The Devils lost Game 1s against the Flyers and Rangers. What’s one more against the Kings?

Anze Kopitar potted the winner 8:13 into overtime to give the Kings a 2-1 win in Game 1 of the Stanley Cup final last night at the Prudential Center. The Kings lead the best-of-seven series one game to none.

“It’s just one game in a long series,” Ilya Kovalchuk said.

Kopitar scored the game-winner following a bad line change by the Devils. The Kings center broke in alone on Martin Brodeur (23 saves) then beat the future Hall of Famer with a deke.

“He got a loose puck at the blue line and made a pretty good effort,” Brodeur said. “I thought he was going to go to his backhand. He had so much time he was able to [see] me not move to his forehand.”


The teams entered the third deadlocked, 1-1, after unlikely goal scorers Colin Fraser and Anton Volchenkov traded scores during the first two periods.

Fraser opened the scoring for the Kings 9:56 into the series with his first career playoff goal. The play began with Andy Greene committing a turnover behind the net. Jordan Nolan found the loose puck and moved it to Fraser for a shot that skimmed along the ice and eluded goaltender Martin Brodeur.

Volchenkov equalized it with 1:12 remaining in the second with a shot off the half wall that ricocheted off Kings defenseman Slava Voynov into a half-empty net. The goal was Volchenkov’s first of this playoff season and his first playoff goal since scoring the game-winner against Pittsburgh in Game 4 of the Eastern Conference quarterfinals on April 27, 2007.

The Devils were tentative early and became more aggressive as the game progressed, the opposite of how they played throughout the Eastern Conference finals. Despite being outshot 8-7 in the third, it was the Devils who had the better of play.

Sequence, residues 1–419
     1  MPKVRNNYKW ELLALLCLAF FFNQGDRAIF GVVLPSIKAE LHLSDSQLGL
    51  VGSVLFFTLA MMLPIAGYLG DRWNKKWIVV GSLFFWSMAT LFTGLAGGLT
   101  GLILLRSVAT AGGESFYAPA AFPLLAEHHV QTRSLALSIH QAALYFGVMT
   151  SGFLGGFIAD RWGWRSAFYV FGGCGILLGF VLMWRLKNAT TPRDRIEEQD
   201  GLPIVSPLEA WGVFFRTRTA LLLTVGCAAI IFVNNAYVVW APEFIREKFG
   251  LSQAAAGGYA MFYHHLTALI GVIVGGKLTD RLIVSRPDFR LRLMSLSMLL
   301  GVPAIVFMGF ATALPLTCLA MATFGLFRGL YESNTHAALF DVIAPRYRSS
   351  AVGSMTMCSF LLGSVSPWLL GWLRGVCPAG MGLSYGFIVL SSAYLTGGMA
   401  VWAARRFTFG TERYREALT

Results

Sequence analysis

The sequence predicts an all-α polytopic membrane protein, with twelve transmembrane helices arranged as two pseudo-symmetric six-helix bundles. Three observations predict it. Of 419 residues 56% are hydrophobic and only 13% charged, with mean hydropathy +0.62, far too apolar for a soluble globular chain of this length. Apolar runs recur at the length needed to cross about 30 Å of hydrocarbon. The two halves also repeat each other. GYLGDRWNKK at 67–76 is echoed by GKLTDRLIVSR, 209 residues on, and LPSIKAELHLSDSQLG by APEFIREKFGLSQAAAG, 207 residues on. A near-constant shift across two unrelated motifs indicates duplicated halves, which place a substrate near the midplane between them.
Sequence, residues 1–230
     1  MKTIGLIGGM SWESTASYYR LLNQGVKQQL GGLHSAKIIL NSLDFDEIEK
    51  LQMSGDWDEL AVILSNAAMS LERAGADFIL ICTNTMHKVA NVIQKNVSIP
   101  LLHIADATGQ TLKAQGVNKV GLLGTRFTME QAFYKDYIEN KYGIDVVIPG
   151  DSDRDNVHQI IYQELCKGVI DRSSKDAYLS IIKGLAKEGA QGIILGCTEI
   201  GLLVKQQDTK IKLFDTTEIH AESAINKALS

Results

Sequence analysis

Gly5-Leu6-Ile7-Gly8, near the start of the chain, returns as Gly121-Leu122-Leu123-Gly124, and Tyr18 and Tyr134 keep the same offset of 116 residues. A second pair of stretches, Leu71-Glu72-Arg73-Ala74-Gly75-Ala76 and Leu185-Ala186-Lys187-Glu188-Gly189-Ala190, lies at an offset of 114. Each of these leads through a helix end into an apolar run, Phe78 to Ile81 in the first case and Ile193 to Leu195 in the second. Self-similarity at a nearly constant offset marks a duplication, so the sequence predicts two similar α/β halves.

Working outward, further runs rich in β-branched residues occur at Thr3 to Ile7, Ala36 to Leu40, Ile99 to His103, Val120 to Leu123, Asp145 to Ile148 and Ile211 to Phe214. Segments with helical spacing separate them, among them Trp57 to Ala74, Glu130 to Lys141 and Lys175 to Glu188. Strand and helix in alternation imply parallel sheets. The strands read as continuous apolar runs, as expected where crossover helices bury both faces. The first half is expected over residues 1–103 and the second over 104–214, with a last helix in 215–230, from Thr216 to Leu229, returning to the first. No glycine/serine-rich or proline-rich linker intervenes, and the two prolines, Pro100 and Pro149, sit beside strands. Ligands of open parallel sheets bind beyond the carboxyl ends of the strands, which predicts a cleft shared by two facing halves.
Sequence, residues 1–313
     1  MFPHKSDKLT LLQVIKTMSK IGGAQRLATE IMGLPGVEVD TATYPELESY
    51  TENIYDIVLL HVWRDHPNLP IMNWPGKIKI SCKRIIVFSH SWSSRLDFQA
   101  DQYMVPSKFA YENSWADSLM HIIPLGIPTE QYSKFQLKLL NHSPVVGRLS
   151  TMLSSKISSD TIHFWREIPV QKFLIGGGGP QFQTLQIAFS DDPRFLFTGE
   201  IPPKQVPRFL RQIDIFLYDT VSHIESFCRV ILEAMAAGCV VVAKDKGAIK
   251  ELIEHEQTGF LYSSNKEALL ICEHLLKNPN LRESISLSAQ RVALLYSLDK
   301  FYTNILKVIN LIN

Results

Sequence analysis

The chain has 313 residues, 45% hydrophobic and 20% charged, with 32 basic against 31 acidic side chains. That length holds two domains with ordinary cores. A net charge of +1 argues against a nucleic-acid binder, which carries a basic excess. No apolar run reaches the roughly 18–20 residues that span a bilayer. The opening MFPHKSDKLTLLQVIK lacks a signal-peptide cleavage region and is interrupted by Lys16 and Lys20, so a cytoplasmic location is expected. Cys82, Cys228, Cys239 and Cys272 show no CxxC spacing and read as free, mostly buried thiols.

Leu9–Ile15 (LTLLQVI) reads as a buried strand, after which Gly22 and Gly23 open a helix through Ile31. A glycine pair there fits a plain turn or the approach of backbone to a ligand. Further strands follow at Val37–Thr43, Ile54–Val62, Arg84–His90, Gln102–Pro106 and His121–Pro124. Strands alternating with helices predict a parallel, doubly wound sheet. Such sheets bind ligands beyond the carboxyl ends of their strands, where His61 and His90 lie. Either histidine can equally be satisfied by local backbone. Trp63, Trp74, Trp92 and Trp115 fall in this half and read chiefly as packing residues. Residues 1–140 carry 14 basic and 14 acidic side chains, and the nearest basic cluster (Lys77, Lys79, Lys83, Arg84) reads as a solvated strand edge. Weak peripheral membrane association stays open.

“We got better as the game went on,” Devils head coach Pete DeBoer said. “[The Kings are a] team you have to play 60 minutes against.”

Zach Parise had an apparent goal disallowed 3:58 into the third when it was ruled — and upheld by officials — that he threw the puck into net during a pileup in the crease.

The league explained the ruling on Parise’s disallowed goal in a statement:

“At 3:58 of the third period in Game 1 of the Stanley Cup Final, video review confirmed the referee’s call on the ice that New Jersey’s Zach Parise directed the puck into the Los Angeles net with his glove. No goal New Jersey. According to NHL Rule 67.6, ‘A goal cannot be scored by an attacking player who bats or directs the puck with his hand into the net. A goal cannot be scored by an attacking player who bats or directs the puck ?and it is deflected into the net off any player, goalkeeper or official. When the puck enters the net on a clear deflection off a glove, the goal shall be allowed.’”

A flurry six minutes into overtime nearly produced Adam Henrique’s third overtime win, but the rookie pushed a shot wide.

“Would have been nice to get a bounce,” DeBoer said.

Follow NHL beat writer Denis Gorman on Twitter
@DenisGorman for more Stanley Cup news.

Latest From ...